The Music Library is excited to be hosting an exhibit of works from Trenholm Artsts Guild member Dr. Don Bishop. Dr. Bishop was educated at North Greenville University, Furman University, and New Orleans Baptist Theological Seminary and has retired after forty years as a Senior Pastor.
He studied and taught stained glass for years before beginning his journey into abstract painting. In his Artist’s Statement Dr. Bishop writes, “I seek to capture a small glimpse of the beauty of nature that has been given as a gift to mankind through our Creator. Art is all around us to be enjoyed and admired. What a joy to become a partner with our wonderful world.” He has further evolved into an “environment abstract painter,” seeking to “transpose environmental images and themes” using the natural world around him as inspiration.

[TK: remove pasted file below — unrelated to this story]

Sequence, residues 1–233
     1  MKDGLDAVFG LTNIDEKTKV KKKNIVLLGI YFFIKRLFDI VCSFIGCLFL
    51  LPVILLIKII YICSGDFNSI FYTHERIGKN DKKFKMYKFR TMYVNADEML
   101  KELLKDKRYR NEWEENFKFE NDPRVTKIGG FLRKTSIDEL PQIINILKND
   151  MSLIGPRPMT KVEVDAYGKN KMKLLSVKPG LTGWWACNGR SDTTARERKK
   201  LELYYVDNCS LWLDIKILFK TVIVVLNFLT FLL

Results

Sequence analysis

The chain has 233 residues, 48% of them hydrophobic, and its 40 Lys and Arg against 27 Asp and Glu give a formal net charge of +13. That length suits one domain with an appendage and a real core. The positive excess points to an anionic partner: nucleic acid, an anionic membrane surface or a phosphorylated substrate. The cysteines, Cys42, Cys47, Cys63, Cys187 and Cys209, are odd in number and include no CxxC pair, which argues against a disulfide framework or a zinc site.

Dr. Bishop’s works have won awards in the Seven Oaks shows and in the Fine Arts Division of the SC Fair as well as having been exhibited in galleries in Cayce and Aiken, SC.
You do! Alexander Street Press’s Classical Scores Library can be found through the Music Library website (under Audio, Video & Scores Online).
This resource contains over 1.3 million printable pages of music composed in time periods ranging from the Middle Ages to the 21st Century. More than 4,600 composers are included: from Machaut, Mozart, and Tchaikovsky to contemporary artists such as Kaija Saariaho, Peter Maxwell-Davies, and John Taverner. All of this is available 24-7 and is just a click away.
Our Massenet First Edition Opera Scores Collection is now available for online viewing. Jules Massenet (1842-1912) was a prolific French composer credited with completing 40 operas and numerous other stage works, most notably ballets and oratorios.